In the 900 block of Borbeck Street, where Trinsey was shot, neighbors who affectionately referred to the byway as "boring" Borbeck were stunned that a man listed as "armed and dangerous" by the FBI was in their community.
Kenneth O'Gara, 46, said the neighborhood is home to summer barbecues, the kind of place where homeowners help one another shovel snow.
"My main concern is people that run through stop signs," O'Gara said yesterday while chatter ran rampant about Trinsey.
Trinsey was visiting a woman on the block, her relatives said. Neighbors don't recall seeing Trinsey, who lived in the 100 block of Tabor Road in Olney, until Monday.
Police said they followed Trinsey to Borbeck and attempted to arrest him about 3:10 p.m. It would have been the latest in his long string of arrests.
Trinsey was first jailed as an adult in 1979, on drug charges. He pleaded guilty and was placed on probation for a year, according to court records.
Sixteen more arrests followed in several states. The accusations included driving under the influence in May 1981, burglary two months later, and attempted murder in August 1981. All charges were withdrawn or dismissed, according to court records.
In 1990, a Philadelphia judge sentenced him to serve two to five years for receiving stolen property. He was sent to a state prison, where he remained until 1992, said Sue Bensinger, a spokeswoman for the state Department of Corrections.
In 1996, he pleaded guilty to theft and was placed on probation again. In 2001, Bensinger said, Trinsey returned to a state prison and served six years of a five- to 10-year sentence for robbery and aggravated assault. He was paroled in April 2007.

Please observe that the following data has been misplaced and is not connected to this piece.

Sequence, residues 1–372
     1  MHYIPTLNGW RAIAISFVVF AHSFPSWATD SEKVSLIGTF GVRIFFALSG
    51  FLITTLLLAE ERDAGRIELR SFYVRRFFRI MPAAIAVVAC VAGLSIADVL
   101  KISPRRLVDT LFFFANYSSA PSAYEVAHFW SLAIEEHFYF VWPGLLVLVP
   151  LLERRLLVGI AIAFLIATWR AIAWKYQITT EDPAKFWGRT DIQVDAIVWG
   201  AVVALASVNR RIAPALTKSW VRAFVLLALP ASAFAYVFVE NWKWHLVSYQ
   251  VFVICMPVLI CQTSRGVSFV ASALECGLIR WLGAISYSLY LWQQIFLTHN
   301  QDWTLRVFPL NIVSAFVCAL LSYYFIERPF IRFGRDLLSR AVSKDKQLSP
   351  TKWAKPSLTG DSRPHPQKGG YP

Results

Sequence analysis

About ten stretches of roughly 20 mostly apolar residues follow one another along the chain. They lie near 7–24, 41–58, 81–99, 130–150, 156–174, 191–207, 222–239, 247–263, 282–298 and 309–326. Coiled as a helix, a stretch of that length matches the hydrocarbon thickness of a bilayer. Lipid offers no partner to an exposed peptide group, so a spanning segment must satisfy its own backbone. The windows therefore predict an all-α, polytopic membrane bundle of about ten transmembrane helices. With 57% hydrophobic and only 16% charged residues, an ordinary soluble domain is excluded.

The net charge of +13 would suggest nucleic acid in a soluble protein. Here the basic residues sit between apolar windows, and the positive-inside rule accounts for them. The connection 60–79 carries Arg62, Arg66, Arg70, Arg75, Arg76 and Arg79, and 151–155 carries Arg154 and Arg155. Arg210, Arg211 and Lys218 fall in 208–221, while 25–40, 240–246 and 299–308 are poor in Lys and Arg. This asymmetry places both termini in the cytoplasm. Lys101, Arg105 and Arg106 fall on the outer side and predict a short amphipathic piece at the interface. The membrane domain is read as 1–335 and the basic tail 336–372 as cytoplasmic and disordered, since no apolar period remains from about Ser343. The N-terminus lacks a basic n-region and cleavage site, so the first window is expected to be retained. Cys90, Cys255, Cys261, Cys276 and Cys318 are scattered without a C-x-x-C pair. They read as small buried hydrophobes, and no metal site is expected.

Trinsey spent less than 30 days in one of the city's supervised correctional facilities and was ordered to continue substance-abuse treatment. He was granted street supervision, said Leo Dunn, a spokesman for the state Board of Probation and Parole.
Twice, he was flagged for not meeting parole-supervision requirements. In 2007, the allegations were dismissed as unfounded. On Jan. 14, parole officials declared him delinquent and issued a warrant for his arrest.
Police said he showed up about 7:15 p.m. Friday at the TD Bank at 2520 Grant Ave. There, he held up a cashier at gunpoint.
Surveillance photos showed him wearing a dark knit cap, a dark hooded sweatshirt, and two different-colored gloves: one olive, one white.
The FBI issued an armed-and-dangerous alert for the gunman, but agents did not know their suspect's name that night. By Monday, Trinsey - who has thick dark hair speckled with gray and is heavily tattooed on his neck and chest - was identified as a suspect.
The Violent Crimes Task Force of FBI agents and Philadelphia detectives carried his photo as they confronted him on Borbeck.
FBI spokesman J.J. Klaver said Trinsey was ordered to drop his gun. When he refused, Klaver said, he was shot, and boring Borbeck turned into into a crime scene.
Anna Mahserejian, who lives a few houses away from the shooting scene, said she was still shaken by the violence.
"On any street," she said, "you don't even know who your next-door neighbor is. It's scary."
Contact staff writer Barbara Boyer at 215-854-2641 or firstname.lastname@example.org.